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Life: Choose Your Own Adventure

Life: Choose Your Own Adventure

Do you ever feel like you’re taking life too seriously?

Every decision feels like it’s life or death. The smallest hiccups feel like the end of the world. You worry about unanswered questions. You’re so caught up in finding your passion and living your dream that daily life is a worrisome struggle.

Yep, I’ve been there. I’ve also found a fun way to lighten things up.

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Remember those old choose-your-own-adventure books? “X” would happen, and at the end of the passage, you’d have to decide what to do. If you pick “Y”, go to page 5; for “Z”, go to page 14.

What if you saw life as a “choose your own adventure” book?

You would:

  • Step away from the seriousness. When you frame life as an adventure book, it looks a little less intense. It takes some of the pressure off and allows you to lighten up – it’s an adventure, after all!
  • Gain perspective and clarity. When you’re in the midst of decision-making, it’s easy to lose perspective and clarity. This method helps you find it again. It gives you a bit of distance – just enough to make things a little less fear-driven and a lot clearer. It allows you to take a good look and ask yourself: What could happen if I did X? Y? Often, it’s a choice between action and no action. What could happen if I took that art class? What if I didn’t? Fear-based responses can keep you stuck: “I might hate it. The other students might be mean. Maybe it’s not my thing.” But with a little perspective, you’re better able to see the bright side: “I could discover a new passion. It might be fun. I could make new friends.”
  • Relax into uncertainty. Decision making sucks largely because you don’t know what’s going to happen. And as humans, we hate that. But with a choose-your-own adventure book, the unknown future doesn’t keep you from turning the page. If anything, you decide and move forward faster because you want to see what happens next. Let this be your life. Relax into the not-knowing and make decisions based on what feels right to you now, not fear of the unknown.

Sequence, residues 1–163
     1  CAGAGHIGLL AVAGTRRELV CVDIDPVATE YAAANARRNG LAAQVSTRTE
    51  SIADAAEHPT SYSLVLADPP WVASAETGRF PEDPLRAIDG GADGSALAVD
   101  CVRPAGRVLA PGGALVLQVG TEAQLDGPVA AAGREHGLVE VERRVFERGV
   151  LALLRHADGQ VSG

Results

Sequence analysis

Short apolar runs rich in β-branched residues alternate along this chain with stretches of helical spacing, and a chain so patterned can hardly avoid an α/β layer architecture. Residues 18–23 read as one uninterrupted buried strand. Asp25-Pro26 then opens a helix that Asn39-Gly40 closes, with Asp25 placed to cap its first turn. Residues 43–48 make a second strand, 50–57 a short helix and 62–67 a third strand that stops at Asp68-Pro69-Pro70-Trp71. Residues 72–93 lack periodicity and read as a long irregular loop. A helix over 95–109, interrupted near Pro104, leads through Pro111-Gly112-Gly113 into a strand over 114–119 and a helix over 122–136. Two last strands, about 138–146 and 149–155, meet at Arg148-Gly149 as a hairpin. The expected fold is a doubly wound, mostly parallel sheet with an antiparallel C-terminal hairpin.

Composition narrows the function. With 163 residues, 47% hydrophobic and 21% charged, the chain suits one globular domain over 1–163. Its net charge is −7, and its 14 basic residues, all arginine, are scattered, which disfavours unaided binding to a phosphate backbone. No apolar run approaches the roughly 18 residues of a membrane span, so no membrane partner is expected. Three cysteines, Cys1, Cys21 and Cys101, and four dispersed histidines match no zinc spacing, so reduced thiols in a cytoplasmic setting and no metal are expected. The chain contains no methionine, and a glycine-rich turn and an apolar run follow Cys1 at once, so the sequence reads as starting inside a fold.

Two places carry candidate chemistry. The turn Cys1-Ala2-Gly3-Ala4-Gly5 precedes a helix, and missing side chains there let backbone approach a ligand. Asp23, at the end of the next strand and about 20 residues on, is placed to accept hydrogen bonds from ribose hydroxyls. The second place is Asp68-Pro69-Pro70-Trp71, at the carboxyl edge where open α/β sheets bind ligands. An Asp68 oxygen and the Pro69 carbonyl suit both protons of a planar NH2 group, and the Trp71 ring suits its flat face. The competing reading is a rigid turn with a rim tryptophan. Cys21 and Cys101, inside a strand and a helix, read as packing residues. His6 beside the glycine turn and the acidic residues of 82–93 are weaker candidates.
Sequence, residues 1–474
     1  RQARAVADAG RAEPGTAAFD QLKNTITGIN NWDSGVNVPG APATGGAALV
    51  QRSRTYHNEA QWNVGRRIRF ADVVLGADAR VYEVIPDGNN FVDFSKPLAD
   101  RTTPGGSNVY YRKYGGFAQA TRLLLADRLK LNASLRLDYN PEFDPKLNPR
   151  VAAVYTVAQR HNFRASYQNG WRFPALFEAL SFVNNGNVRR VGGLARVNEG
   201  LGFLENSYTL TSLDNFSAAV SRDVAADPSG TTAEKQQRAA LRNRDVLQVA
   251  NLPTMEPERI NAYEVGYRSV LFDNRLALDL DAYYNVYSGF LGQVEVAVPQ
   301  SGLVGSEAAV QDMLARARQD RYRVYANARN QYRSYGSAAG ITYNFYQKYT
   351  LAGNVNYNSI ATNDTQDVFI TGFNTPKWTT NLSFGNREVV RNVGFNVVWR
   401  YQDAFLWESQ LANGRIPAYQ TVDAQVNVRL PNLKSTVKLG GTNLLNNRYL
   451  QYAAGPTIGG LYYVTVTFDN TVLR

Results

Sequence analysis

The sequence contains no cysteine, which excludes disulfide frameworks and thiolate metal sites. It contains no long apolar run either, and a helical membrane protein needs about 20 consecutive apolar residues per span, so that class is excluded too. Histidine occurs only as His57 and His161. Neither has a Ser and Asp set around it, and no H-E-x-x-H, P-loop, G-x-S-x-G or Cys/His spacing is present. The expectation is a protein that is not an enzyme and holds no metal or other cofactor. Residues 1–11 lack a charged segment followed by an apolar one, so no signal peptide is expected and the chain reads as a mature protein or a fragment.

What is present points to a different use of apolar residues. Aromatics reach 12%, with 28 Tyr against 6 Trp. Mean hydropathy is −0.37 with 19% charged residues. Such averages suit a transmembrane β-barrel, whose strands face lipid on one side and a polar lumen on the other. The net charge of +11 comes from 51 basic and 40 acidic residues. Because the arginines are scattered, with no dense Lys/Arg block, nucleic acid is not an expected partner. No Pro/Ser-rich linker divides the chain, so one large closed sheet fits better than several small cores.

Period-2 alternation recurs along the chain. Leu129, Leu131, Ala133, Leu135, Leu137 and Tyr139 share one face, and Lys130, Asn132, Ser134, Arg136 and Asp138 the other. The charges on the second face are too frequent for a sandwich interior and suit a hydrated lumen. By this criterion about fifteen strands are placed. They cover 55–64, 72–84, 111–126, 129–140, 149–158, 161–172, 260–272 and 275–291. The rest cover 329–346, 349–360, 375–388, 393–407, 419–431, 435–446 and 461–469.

• Let go of the idea of “right decisions.” Some decisions are better for you, certainly: those that are aligned with your values and authentic self. But even if you make a decision that’s not the best, is it wrong? I don’t think there are “right” and “wrong” decisions. Yes, some are better, but they’re all on your path. Because by making that decision, you’re choosing to make it part of your experience. You can still learn and grow. So let go of fear of making the “right” decision. Anything you choose is on your path.
  • Have more fun. Often, we see our lives as serious, scary tests. Only #2 pencils, desks cleared and no looking around the room. That’s why framing life as a choose-your-own adventure book works so well. Because just by having the word “adventure” in there, it’s gearing you up for more boldness and fun. So next time you face a decision, ask yourself: This is my adventure. What do I choose?

I know, life is a bit more complicated than a book. If you make a choice you’re not happy with, you can’t go back and choose again. But you can do the next best thing and choose differently at the next junction (which can be as soon as the next moment, if you decide).